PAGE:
Well I thought id better get this blog up and running, I have been putting this off for so long and no better way to start than Rescue. This week I have had so many questions about Rescue, I have got lots to talk about and we are at the time of the year when some of the first applications go on. Info on Rescue can be found here, on our new website if you need it

Well the first question has been …. is it still going to be around? Well the answer to that is yes,  it is available and we will up date you as soon as there are any changes. The growth of Rescue has been great over the last few years. Its a confidence product and the more people who use it and find out how it can work for them then the more people try it and see what its benefits are for their course, be it rough management or grass species conversion.

The reason for the worry about the longevity of Rescue is because there is a potential risk to one of the co-formulants which is found in the formulation,  but we do not know if and when this will materialise, or in what form. We will keep you up to date as and when we know what is going on we will communicate it, but for now everything is fine and we are working hard behind the scenes to make sure we keep all products in the market for as long as possible.

Another question which has come up a lot has been Rescue, with the use of a selective weedkiller. It is usually the way with Rescue, the areas you want to treat are not always your lovely sandy free draining fescue areas but ones which maybe hold too much nutrient and water and generally contain undesirable grasses and also quite a few weeds.

Quite a few people have asked me if you can mix Rescue and a weedkiller to save a bit of time,  but the answer sadly is NO. The two chemistries don’t work very well together so we would recommend either

  1. Apply Rescue and the apply weedkiller more than 7 days after or
  2. Apply weedkiller and then apply Rescue more than 21 days after

Personally I would go with the first option, The Pinoxaden usually takes quite a while to work and then as this is starting to take effect you can then spray off the weeds, which in my experience is usually a bit quicker. Then you have both products working and if you get the growing conditions right, which we know has been an issue this spring, then the fescue can fill in the gaps.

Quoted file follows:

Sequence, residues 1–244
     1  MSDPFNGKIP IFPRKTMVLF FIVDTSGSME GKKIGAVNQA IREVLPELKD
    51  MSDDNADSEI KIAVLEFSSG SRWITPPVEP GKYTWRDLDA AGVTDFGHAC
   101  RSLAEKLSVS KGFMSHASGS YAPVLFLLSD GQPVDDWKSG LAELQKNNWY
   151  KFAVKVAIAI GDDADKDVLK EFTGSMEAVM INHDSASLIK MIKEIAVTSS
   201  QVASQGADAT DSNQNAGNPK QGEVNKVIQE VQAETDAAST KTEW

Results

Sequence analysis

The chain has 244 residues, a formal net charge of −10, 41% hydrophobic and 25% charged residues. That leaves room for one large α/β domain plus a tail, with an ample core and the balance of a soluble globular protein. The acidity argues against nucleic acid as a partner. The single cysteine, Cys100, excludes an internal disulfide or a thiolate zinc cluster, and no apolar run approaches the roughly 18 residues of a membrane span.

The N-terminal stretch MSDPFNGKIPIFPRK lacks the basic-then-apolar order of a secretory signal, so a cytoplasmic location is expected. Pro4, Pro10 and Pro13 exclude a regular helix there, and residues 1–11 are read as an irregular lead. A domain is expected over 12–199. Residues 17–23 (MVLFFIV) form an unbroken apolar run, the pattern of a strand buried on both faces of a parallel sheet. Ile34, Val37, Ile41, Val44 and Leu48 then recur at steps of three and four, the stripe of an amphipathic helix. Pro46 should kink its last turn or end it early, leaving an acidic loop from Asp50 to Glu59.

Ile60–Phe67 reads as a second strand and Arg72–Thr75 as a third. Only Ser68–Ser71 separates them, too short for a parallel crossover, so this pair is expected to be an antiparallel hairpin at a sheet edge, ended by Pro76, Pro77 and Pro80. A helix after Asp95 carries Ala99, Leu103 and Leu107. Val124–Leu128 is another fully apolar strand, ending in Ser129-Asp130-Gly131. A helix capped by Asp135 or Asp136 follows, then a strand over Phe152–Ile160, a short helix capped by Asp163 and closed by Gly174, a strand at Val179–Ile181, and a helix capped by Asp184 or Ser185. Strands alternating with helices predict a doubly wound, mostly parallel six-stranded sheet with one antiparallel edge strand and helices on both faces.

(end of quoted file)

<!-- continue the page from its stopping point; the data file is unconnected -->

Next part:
You do get the poa coming in, especially at this time of  year when the seeding is coming through but sometimes this is good as it is a bit better partner for the bent and fescue than the long heavy rye. I always found it worked well just allowing the fescue, if it is there  to come through but in some places it is best to overseed. Of course also, there are some place where the finer grasses just don’t want to grow and then it might be better to look at another option.


If you are able to overseed before spraying then this will help as the seed starts to come up as the gaps are being made, but logistically you need to just be honest about what you can do and what you cant, but best before if you get the chance.

Syngenta has provided lots and lots of information to help you with Rescue for yourself and to communicate to the members. One of the most popular items is the grass ID guide and they have been so popular again this year we have had to reprint them. However, almost everyone has a phone now on the course, so if you click on this link all the info is at your fingertips and you can download the guide as a PDF so you can have the guide with you at all times on the course,  good eh!

We also have a tech helpline at Syngenta which you can phone for advice or post a question on this blog and ill get back to you asap.

That’s probably enough on Rescue for now, but as a final parting shot, download the Greencast Turf App from App store or Android to double check the application rates and make sure your spray is calibrated perfectly






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